In the course of daily life, people are always involved in both public and private interactions. Opportunities exist for mutually beneficial trade, as well as destructive punishment. My behavior towards others is affected by their previous decisions, both in the private and the public domain. If I resent my neighbor’s gas guzzling SUV, I could exercise costly punishment by slashing his tires. Conversely I could be extra helpful to my other neighbor who just bought a low-emission vehicle. Punishment is destructive, and carries the risk of retaliation by those who have been punished. This is particularly true in situations where, unlike in most laboratory studies, interactions are not anonymous. Without the cover of anonymity, it seems probable that people would be less inclined to punish, and more likely to reward. Let us find out if rewards can lead to cooperation in the repeated public goods game.
A total of 192 subjects participated in our study at the Harvard Business School Computer Lab for Experimental Research (32). Subjects interacted anonymously via computer screens in groups of four. Subjects were told that they would interact with the same three people for the whole session. We performed one control experiment and three treatments.
In the control experiment, subjects play several rounds of a standard public goods game in groups of four (16 control groups). In each round, subjects receive 20 monetary units (MUs) and decide how much to contribute to the public pool, and how much to keep for themselves. The contributions are multiplied by 1.6 and split evenly among the four group members. Subjects are not told the total number of rounds. For a discussion of endgame effects, see (32).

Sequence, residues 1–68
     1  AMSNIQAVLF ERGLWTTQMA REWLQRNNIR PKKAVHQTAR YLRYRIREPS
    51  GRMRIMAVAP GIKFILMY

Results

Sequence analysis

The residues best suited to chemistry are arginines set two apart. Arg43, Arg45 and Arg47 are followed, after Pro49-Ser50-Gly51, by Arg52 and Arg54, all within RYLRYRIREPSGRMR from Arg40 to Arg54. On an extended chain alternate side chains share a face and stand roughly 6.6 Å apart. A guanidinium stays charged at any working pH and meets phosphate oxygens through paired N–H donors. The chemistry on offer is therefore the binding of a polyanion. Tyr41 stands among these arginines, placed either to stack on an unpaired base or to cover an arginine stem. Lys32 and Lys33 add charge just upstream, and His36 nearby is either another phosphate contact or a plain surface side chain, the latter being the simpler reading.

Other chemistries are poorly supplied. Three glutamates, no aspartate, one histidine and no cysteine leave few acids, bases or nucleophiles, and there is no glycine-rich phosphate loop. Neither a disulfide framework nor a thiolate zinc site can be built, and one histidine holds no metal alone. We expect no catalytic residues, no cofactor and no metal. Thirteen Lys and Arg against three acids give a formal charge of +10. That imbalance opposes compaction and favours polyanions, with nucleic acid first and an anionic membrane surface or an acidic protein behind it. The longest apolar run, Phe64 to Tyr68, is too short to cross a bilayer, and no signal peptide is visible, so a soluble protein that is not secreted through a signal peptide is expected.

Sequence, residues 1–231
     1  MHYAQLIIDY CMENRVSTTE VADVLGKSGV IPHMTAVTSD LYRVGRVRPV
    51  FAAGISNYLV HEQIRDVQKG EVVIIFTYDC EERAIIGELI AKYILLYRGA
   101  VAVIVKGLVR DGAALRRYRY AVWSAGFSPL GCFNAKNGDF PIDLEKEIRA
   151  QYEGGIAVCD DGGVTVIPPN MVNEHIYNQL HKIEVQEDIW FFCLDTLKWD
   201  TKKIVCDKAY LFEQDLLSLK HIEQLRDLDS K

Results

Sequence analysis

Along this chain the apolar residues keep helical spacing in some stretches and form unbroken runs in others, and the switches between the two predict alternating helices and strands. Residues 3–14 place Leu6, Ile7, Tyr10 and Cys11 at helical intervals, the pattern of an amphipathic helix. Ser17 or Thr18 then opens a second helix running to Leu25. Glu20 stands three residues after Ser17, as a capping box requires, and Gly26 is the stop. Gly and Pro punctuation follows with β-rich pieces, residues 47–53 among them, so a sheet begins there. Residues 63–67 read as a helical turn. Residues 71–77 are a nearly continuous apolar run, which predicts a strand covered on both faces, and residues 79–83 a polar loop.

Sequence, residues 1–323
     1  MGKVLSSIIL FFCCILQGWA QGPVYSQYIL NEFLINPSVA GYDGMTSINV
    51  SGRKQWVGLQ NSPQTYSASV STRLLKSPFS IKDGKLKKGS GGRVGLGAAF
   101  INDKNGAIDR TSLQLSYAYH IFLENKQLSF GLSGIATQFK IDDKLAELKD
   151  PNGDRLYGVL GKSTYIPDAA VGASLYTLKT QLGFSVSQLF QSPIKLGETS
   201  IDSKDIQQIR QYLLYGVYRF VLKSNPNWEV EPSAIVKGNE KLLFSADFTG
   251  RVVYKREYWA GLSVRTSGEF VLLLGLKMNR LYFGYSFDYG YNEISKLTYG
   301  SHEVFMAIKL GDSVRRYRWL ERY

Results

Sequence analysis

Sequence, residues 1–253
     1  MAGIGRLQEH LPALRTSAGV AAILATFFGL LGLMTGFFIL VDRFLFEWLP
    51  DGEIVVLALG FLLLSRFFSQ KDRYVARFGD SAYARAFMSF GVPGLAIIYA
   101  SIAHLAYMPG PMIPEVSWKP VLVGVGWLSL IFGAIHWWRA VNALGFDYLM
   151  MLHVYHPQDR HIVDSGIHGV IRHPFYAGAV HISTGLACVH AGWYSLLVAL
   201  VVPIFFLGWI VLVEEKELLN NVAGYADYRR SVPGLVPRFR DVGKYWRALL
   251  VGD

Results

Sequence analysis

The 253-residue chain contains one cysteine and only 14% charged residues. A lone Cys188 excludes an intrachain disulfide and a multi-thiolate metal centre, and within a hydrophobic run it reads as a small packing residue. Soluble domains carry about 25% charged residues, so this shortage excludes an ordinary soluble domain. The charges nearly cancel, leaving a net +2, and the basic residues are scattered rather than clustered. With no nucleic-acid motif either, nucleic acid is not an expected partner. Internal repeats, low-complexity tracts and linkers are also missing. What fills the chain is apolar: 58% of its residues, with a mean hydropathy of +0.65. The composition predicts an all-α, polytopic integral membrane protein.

In the three treatments, each public goods game is followed by a second stage, which allows for responses targeted at each other group member. These targeted interactions have different forms in the three treatments (32). In the first treatment (“PN”, 10 groups) subjects can punish or do nothing. In the second treatment (“RN”, 11 groups) subjects can reward or do nothing. In the third treatment (“RNP”, 11 groups) subjects can choose between reward, non-action and punishment.
Figure 1A shows the average contribution to the public goods game in each round. Consistent with previous findings we observe that the average contribution declines in the control experiment, but stays high in the punishment treatment, PN. However, we also observe that the two other treatments, RN and RNP, are equally effective in maintaining cooperation in the public goods game. Therefore, it is not punishment per se which is important for sustaining contributions, but rather the possibility of targeted interactions. This option is present in all three treatments, but absent in the control experiment.
Figure 1
Figure 1